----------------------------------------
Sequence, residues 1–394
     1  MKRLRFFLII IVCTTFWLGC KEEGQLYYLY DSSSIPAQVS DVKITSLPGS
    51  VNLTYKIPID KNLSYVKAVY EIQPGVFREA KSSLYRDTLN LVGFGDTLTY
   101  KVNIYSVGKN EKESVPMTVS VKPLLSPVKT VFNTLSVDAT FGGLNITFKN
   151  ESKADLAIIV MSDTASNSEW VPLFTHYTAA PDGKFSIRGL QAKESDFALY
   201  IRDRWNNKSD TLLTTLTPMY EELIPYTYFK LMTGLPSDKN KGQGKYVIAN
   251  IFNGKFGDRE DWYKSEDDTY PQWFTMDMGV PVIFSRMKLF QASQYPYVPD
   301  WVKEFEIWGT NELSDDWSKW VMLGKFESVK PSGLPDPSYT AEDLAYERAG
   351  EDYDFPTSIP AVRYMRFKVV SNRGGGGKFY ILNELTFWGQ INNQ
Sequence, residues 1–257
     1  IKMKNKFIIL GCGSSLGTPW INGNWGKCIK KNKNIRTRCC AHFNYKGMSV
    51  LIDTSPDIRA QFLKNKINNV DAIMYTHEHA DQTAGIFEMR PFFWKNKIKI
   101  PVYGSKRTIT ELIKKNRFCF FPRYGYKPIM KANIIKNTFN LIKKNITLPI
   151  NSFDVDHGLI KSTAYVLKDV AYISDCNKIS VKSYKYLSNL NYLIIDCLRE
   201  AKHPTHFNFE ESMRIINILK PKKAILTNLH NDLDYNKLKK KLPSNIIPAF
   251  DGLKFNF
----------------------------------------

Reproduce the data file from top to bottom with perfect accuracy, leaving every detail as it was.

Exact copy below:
Sequence, residues 1–394
     1  MKRLRFFLII IVCTTFWLGC KEEGQLYYLY DSSSIPAQVS DVKITSLPGS
    51  VNLTYKIPID KNLSYVKAVY EIQPGVFREA KSSLYRDTLN LVGFGDTLTY
   101  KVNIYSVGKN EKESVPMTVS VKPLLSPVKT VFNTLSVDAT FGGLNITFKN
   151  ESKADLAIIV MSDTASNSEW VPLFTHYTAA PDGKFSIRGL QAKESDFALY
   201  IRDRWNNKSD TLLTTLTPMY EELIPYTYFK LMTGLPSDKN KGQGKYVIAN
   251  IFNGKFGDRE DWYKSEDDTY PQWFTMDMGV PVIFSRMKLF QASQYPYVPD
   301  WVKEFEIWGT NELSDDWSKW VMLGKFESVK PSGLPDPSYT AEDLAYERAG
   351  EDYDFPTSIP AVRYMRFKVV SNRGGGGKFY ILNELTFWGQ INNQ
Sequence, residues 1–257
     1  IKMKNKFIIL GCGSSLGTPW INGNWGKCIK KNKNIRTRCC AHFNYKGMSV
    51  LIDTSPDIRA QFLKNKINNV DAIMYTHEHA DQTAGIFEMR PFFWKNKIKI
   101  PVYGSKRTIT ELIKKNRFCF FPRYGYKPIM KANIIKNTFN LIKKNITLPI
   151  NSFDVDHGLI KSTAYVLKDV AYISDCNKIS VKSYKYLSNL NYLIIDCLRE
   201  AKHPTHFNFE ESMRIINILK PKKAILTNLH NDLDYNKLKK KLPSNIIPAF
   251  DGLKFNF